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Darrel Idiagbor
Darrel Idiagbor

Posted on • Updated on

Development of a simple shopping cart application

Problem Statement

The challenge today is to build the backend of a simple shopping cart application using node.js and typescript while using MySQL as the database and postman for documentation purposes.
This shopping cart is assumed to have categories and products having standard attributes such as (SKU, selling price, stock level, expiration date) etc... and should be able to allow a user add to cart, edit what's in the cart as well as remove from cart.

Thoughts and structure

The problem is simple enough to tackle on first glance but as I usually say nothing is ever really as it seems. So to up it up a bit, I would set a personal goal of completing the challenge in 3 days or less, I would also be implementing functionality for dynamically manipulating categories and products as well as unit testing all functionalities on this application and developing this article in real-time as I achieve it.
Now with a little extra difficulty, the first thing I'd do is to assign tasks for these 3 days;

  • Day 1: Folder structure and general functionalities.
  • Day 2: Unit testing of all functionalities; although this would most like come before each functionality is developed. That way the entire application would be built using TDD (test-driven-development)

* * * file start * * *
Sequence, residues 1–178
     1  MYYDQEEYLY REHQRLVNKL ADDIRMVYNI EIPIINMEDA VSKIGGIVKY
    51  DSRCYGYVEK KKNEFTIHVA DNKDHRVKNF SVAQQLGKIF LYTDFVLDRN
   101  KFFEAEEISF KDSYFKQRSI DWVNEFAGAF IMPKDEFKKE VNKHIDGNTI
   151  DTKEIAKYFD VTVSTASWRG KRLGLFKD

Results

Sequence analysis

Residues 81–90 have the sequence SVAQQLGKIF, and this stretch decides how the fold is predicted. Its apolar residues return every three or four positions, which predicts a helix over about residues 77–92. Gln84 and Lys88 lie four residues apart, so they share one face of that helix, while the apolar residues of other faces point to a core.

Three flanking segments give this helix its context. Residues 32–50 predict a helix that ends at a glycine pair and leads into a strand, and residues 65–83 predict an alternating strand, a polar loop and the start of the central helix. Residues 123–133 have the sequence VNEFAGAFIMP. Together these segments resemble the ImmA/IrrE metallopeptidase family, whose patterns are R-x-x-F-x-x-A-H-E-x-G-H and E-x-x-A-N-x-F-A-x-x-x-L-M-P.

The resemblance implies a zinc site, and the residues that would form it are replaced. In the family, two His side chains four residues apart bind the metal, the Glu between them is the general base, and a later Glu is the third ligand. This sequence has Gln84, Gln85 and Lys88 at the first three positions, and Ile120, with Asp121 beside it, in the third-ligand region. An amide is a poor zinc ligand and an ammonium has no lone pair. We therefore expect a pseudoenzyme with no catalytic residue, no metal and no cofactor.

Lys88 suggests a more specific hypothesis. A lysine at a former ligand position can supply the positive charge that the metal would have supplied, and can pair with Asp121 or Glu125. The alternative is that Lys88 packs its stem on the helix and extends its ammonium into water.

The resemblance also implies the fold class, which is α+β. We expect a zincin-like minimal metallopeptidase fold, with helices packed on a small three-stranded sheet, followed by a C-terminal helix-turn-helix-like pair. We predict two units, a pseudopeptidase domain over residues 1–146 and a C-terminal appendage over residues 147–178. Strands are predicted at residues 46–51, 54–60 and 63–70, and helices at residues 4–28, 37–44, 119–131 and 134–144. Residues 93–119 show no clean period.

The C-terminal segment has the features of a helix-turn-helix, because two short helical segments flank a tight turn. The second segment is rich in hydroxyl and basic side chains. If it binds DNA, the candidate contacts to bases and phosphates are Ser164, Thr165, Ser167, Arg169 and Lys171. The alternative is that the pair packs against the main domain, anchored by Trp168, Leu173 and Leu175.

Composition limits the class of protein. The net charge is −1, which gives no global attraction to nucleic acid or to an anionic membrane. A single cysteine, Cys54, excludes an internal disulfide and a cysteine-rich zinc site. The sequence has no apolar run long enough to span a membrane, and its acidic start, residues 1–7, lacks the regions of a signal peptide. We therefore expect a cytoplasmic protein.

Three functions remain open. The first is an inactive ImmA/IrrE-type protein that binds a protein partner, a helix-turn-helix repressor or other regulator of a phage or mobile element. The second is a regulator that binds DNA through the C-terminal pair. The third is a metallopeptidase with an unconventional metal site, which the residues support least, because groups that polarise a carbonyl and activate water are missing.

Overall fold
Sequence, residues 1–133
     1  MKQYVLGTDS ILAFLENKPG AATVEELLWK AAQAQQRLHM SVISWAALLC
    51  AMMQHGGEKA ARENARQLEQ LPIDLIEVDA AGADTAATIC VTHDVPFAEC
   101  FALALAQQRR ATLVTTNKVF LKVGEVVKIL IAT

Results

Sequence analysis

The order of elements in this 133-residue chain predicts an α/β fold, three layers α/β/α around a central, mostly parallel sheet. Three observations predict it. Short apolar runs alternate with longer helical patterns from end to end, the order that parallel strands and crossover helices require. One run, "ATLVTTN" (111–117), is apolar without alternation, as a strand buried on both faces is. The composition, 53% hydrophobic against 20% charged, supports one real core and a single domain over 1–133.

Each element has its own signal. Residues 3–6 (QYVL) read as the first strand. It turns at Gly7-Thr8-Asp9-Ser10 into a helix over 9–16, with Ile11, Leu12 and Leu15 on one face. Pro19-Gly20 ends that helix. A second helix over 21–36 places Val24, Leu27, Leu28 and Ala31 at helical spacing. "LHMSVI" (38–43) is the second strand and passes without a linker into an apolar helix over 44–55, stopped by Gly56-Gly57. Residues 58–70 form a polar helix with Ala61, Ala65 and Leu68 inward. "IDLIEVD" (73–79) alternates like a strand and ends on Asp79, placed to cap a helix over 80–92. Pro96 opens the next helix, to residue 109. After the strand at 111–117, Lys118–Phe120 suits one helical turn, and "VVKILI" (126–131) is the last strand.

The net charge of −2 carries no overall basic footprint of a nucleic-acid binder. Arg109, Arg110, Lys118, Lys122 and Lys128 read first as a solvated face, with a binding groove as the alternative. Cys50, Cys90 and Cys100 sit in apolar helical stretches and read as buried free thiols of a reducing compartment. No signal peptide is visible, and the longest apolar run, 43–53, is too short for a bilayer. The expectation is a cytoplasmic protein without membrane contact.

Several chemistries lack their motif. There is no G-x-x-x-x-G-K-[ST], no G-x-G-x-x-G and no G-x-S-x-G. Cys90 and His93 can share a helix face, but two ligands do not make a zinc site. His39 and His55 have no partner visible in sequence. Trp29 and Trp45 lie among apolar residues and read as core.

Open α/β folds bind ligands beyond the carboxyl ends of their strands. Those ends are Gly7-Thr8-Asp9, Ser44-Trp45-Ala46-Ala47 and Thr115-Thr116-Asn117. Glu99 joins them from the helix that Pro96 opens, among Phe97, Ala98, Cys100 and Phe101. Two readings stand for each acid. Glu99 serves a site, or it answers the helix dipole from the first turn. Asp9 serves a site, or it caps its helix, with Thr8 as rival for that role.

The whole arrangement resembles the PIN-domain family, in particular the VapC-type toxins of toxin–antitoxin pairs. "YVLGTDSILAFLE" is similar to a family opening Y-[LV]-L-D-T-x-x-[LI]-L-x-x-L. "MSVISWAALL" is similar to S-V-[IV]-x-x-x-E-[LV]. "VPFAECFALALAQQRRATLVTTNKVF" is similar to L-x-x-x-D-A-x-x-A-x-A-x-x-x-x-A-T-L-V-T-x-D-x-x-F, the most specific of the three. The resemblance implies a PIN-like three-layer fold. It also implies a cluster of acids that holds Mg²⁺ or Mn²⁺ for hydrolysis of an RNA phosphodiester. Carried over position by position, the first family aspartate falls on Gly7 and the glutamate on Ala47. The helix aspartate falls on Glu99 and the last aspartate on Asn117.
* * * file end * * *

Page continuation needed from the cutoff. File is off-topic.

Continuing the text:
• Day 3: Deployment, documentation and editing of this article.

Folder Structure

Folder Structure Image

Although a small and simple application, I structured the application for scale. Below I would discuss the various folders and files and their purpose; were necessary I would include examples.

Files on the structure

Below I would give short descriptions of key files on the root of the folder and what they are meant for and what role they play. These definitions are by no way standard description of what they are officially but my way of describing what they are and the role they play in my codebase.

  1. .env: This is the environment variables file; basically all sensitive variables are kept here such as database URLs or keys both secret and public can be kept here.

  2. .env.example: This file simply provides a structure of how .env should be set up; it could contain just variables without values or consist of mock values and not the actual values

  3. .eslintrc.js: This holds configurations for eslint which is a linter for javascript and even typescript.

  4. .gitignore: This consist of files and folders that should be ignored by git(a version control system)

  5. generateKeyPair.js: This holds an algorithm to generate *.pem files i.e public and private key pairs for tokens generation and verification.

  6. nodemon: This file holds configurations for nodemon which handles spinning up and restarting the development server when specified changes are detected.